Researcher

Associate Professor Rogelia Pe-Pua

My Expertise

migration policy; cross cultural psychology qualitative research methods; youth policy; social and community issues, indigenous psychology

Field of Research (FoR)

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Biography

Rogelia Pe-Pua is an Honorary Associate Professor at the School of Social Sciences, Faculty of Arts and Social Sciences, UNSW. She was the Head of School from 2007-July 15, 2012. Prior to this, she was Head of the School of Social Science and Policy (2005-2006).

Rogelia's research interests include indigenous psychology, racism in Australia, multicultural attitudes in plural societies, migration policy issues, cross-cultural psychology, social...view more

Rogelia Pe-Pua is an Honorary Associate Professor at the School of Social Sciences, Faculty of Arts and Social Sciences, UNSW. She was the Head of School from 2007-July 15, 2012. Prior to this, she was Head of the School of Social Science and Policy (2005-2006).

Rogelia's research interests include indigenous psychology, racism in Australia, multicultural attitudes in plural societies, migration policy issues, cross-cultural psychology, social and community issues, and youth issues. She has undertaken research on migration and return migration in Hawaii and the Philippines, labour migration in Spain and Italy, the character of Australian ethnic press, international students’ experiences, street-frequenting ethnic youth, refugee family settlement, Hong Kong immigrants in Australia, legal needs of NESBs, and an evaluation of a Juvenile Crime Prevention Strategy. She has also worked collaboratively with international researchers comparing ethnocultural youth identity and acculturation in 13 countries, and culture and trait links in four countries. She has completed two projects funded by the Australian Government Department of Immigration and Citizenship: (a) the needs of Australian Muslim families, and (b) social cohesion, social division and conflict in multicultural Australia.

Rogelia has a long history of specialisation in indigenous psychology which started at the University of the Philippines where she taught for 15 years before migrating to Australia. She has published widely in this area, including the first edited volume on Philippine indigenous psychology, book chapters and journal articles on indigenous methods. She has applied her passion for and expertise in indigenous and cross-cultural methods to the research she has conducted and to her teaching of research methods. An example of her leadership in this area is her recent involvement with the founding of the Asian Association of Indigenous and Cultural Psychology in which she was elected as Director of Research and Publication.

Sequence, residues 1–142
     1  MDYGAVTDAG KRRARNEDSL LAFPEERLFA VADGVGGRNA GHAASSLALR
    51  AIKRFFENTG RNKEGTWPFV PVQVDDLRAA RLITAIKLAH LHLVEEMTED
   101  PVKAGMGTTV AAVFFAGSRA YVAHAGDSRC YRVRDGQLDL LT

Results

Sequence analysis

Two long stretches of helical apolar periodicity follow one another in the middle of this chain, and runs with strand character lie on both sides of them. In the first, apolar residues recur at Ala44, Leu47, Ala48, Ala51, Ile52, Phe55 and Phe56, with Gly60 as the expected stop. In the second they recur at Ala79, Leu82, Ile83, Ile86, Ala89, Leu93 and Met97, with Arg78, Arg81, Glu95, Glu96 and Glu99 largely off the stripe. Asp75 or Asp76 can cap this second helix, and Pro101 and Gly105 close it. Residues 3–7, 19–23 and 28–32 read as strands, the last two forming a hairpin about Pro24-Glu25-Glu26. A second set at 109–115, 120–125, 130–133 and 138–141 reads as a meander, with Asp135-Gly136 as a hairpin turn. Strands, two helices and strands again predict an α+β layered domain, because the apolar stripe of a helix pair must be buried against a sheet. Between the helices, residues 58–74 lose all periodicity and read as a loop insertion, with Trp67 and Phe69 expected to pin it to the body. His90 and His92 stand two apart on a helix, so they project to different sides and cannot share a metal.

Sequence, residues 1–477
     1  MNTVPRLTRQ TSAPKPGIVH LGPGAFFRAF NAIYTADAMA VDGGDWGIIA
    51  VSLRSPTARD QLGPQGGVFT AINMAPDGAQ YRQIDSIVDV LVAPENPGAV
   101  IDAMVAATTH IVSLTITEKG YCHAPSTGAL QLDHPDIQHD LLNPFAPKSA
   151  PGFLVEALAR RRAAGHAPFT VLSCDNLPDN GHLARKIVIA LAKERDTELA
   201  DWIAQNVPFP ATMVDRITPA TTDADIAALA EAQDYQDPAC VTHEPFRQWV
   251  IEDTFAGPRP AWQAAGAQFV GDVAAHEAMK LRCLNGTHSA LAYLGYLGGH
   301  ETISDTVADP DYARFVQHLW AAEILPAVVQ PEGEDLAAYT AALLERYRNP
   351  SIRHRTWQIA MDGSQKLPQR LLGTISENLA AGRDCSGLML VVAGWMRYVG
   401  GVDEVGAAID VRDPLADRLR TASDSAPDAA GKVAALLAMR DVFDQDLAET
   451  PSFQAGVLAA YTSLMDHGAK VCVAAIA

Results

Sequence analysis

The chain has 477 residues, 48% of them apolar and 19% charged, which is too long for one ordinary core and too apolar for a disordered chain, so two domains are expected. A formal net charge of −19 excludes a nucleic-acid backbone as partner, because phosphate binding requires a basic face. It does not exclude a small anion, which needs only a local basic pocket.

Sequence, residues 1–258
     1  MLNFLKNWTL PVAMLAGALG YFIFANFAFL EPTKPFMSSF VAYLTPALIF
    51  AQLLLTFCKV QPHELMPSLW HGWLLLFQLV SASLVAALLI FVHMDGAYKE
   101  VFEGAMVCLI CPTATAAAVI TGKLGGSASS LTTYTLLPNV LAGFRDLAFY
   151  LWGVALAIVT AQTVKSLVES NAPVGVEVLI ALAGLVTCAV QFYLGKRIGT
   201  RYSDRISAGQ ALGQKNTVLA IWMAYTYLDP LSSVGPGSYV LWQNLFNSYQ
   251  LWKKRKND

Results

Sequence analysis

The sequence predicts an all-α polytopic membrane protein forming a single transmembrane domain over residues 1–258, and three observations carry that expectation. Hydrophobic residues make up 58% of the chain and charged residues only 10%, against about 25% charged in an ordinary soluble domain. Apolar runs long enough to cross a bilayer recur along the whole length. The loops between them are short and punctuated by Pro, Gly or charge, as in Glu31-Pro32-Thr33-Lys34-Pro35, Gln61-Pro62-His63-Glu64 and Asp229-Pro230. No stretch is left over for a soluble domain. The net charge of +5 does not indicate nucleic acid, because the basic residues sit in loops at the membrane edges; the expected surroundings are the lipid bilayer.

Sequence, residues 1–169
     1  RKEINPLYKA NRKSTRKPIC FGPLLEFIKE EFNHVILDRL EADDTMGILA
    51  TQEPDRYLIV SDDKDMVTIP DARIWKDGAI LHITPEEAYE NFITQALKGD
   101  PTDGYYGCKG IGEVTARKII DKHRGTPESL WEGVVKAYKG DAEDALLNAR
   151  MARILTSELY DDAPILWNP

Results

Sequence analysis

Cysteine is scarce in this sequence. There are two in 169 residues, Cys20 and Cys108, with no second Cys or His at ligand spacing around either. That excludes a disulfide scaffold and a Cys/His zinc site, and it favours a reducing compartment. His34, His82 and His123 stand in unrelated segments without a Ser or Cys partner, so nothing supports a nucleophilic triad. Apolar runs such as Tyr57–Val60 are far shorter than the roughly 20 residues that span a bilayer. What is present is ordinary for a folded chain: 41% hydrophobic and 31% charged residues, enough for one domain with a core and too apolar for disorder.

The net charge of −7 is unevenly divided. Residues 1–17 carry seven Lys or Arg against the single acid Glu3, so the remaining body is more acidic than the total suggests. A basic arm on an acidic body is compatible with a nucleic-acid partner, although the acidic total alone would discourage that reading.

Research Areas

Indigenous psychology, racism, multicultural attitudes in plural societies, migration policy issues, cross-cultural psychology, social and community issues, youth issues, ethnicity and social identity, research methods

Ongoing and Recent Research Projects

Indigenous Psychology in the Philippines, Taiwan and Japan
A book project based on research conducted in the three countries. Indigenous psychology refers to psychology that is born out of the experience, thought and orientation of the indigenous people (Pe-Pua, R & Protacio-Marcelino, E, 2000, “Filipino Psychology: A legacy of Virgilio G. Enriquez”,  Asian Journal of Social Psychology, 3, 49-71). The book will trace the development of indigenous psychology and identify its contributions to theory, method and application in the three countries.

Social Cohesion in Australia
Joint project with Dr Justine Dandy of Edith Cowan University, funded by the Australian Government Department of Immigration and Citizenship. The aims of this research project are: to determine the indicators of social cohesion in Australia, identify factors that affect social cohesion, examine the effectiveness of various strategies in building community resilience and fostering social cohesion, and analyse the role of the media in Australians’ perspectives on multiculturalism. The research will include participants from culturally diverse communities including Australians who identify as Aboriginal/Torres Strait Islander and also from less culturally distant groups such as British migrants. Three community case studies will be conducted: Blacktown (Sydney NSW), Stirling (Perth WA), and Murray Bridge (SA). Data collection methods includes focus groups with local residents, key informant interviews, web-based audit of government and non-government programs on social cohesion and media analysis.